Tuesday, August 29, 2006

Meeting recap: Put the web to work

Effective ways to build your Internet presence
By Jody Shee

Your budget may be tight, and your editors may groan at the thought of adding online responsibilities, but once they adjust, it’s not very challenging, and it’s necessary for a publication to thrive.

The younger generation automatically turns to the Internet for information. When they become the next business leaders, publications can’t afford not to have a strong presence on the web. Online product accounts for only 10 percent of The Kansas City Star’s revenues, but it makes up 90 percent of the daily newspaper’s growth, says Rick Babson, online business editor. He was one of two panelists at the recent Kansas City chapter meeting of the ASBPE on “Putting the web to work.”

Though he feels like The Star is in its infancy with the web, Babson has plans for the paper to compete with television news programs as reporters are equipped with video cameras to capture stories and interviews for the web. The Star has built a small room in which to record video programs and eventually will produce a daily morning business report for its website. It has entered into an agreement with a local television station and former television news anchor to go out and shoot stories for the television station, which also will appear on The Star’s site, he says.

Content Ideas
The following are other ways the panelists suggest building Web content, many of which can be used to draw attention to your print product:
  1. Podcasts work better for some topics than for others. Babson says he’s found that technology and entertainment Podcasts are more popular than general business topics.
  2. Blogs are a good way to connect with readers and drive traffic to print editions, Babson says.
  3. A breaking news section is important for publications that serve as industry news leaders. Babson notes that you can include an initial few paragraphs about the story and refer readers to the next print edition for more details. Then, in the print edition, tell readers they can find updates on your website.
  4. Lengthy documents and reports that you can’t include in print are perfect for your website, Babson says. You can refer to these documents in your print edition. These could include complete meeting reports or legal papers.
  5. Electronic newsletters are popular and allow you to track results, but make sure you do more with your newsletters than provide links to stories. “You need to have a plan. You need to deliver editorial product. ‘Talk’ to people on a daily basis, don’t just say, ‘Here it is. Go get it,’” says Susan Robinson, director of content management for Sosland Publishing, Kansas City, Mo.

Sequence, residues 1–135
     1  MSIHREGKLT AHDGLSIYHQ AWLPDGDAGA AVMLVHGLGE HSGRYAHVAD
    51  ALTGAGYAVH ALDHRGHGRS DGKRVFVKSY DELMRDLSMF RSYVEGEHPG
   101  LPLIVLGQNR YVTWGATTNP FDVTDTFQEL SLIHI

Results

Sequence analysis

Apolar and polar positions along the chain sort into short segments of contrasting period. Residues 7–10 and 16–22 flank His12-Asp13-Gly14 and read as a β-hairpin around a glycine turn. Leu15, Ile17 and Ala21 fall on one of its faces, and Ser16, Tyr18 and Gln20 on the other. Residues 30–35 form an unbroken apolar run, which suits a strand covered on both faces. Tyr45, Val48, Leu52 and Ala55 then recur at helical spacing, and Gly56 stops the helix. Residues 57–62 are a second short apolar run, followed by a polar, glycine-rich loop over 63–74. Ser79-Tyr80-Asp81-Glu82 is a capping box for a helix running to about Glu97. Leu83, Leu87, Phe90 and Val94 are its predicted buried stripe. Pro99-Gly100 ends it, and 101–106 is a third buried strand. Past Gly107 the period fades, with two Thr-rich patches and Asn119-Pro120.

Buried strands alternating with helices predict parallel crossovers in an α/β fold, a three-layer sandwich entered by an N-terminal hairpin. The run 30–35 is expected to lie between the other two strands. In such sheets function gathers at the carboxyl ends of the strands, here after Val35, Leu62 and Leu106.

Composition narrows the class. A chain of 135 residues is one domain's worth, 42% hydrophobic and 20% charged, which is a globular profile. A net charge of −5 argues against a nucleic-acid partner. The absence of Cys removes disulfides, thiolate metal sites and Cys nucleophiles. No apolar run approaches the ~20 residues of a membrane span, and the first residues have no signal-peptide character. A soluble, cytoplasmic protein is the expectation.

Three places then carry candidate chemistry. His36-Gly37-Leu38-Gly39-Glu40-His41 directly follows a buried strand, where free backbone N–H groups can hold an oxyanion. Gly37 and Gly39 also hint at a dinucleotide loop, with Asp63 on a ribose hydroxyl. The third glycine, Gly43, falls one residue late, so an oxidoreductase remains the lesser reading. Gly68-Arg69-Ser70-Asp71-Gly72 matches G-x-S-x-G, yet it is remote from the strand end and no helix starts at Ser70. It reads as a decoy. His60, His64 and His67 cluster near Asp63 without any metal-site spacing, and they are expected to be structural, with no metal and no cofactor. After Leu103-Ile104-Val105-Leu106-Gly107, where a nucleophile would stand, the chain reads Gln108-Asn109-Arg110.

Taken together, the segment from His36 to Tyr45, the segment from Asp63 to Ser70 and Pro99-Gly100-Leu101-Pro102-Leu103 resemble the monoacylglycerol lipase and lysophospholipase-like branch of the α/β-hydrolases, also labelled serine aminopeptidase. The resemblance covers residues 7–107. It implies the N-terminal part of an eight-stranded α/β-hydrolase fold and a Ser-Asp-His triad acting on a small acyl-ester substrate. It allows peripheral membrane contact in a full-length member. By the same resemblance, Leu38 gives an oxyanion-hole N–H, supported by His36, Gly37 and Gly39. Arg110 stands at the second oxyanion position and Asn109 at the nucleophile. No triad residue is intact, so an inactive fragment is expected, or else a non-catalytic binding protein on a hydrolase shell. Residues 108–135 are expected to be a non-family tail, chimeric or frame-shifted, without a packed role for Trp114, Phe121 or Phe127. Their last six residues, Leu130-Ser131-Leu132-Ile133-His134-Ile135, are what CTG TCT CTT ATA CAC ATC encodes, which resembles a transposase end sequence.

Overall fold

6. Offer digital replicas of your print publications. “Weekly magazines are victims of the post office,” Robinson says, adding that international readers will appreciate receiving the digital version in a timely manner. Plus, you can track how it is read. Find a vendor that helps with digital replicas.
  7. Sell access to research reports, including charts and graphs. “People love that to drop into PowerPoint presentations. We make PowerPoint graphics available,” Robinson says.
  8. Make photo galleries with captions. Robinson notes that readers love it, and it’s a way for you to use the many photos you can’t include in print. The gallery adds a human element to technical publications.
  9. Offer article archives and sell access to nonsubscribers who are doing research, Robinson suggests.

Make it work
Before you go crazy with online ideas, Robinson offers these suggestions, many learned through trial and error.
  • Serve your readers, not the technology. “Using every bell and whistle on the website is not sustainable,” she says. Remember that you are an information provider first. Think of the best way to serve your readers through the various media. Content, not “being cool,” is king.
  • Have a plan. “ ‘If you build it, they will come’ does not work in our business,” Robinson says. To build revenues with your website, you have to know where you want to go with it.
  • Develop an editorial calendar for your website. And have it go along with your print edition using much of the same content.
  • Repackage some of your content for the Web. For example, compile statistics or profiles.
  • Cross-promote your print and Web content to draw traffic to both. It’s not enough to mention your website on a banner or in a house ad in your print product. Include cross references in as many stories as possible.

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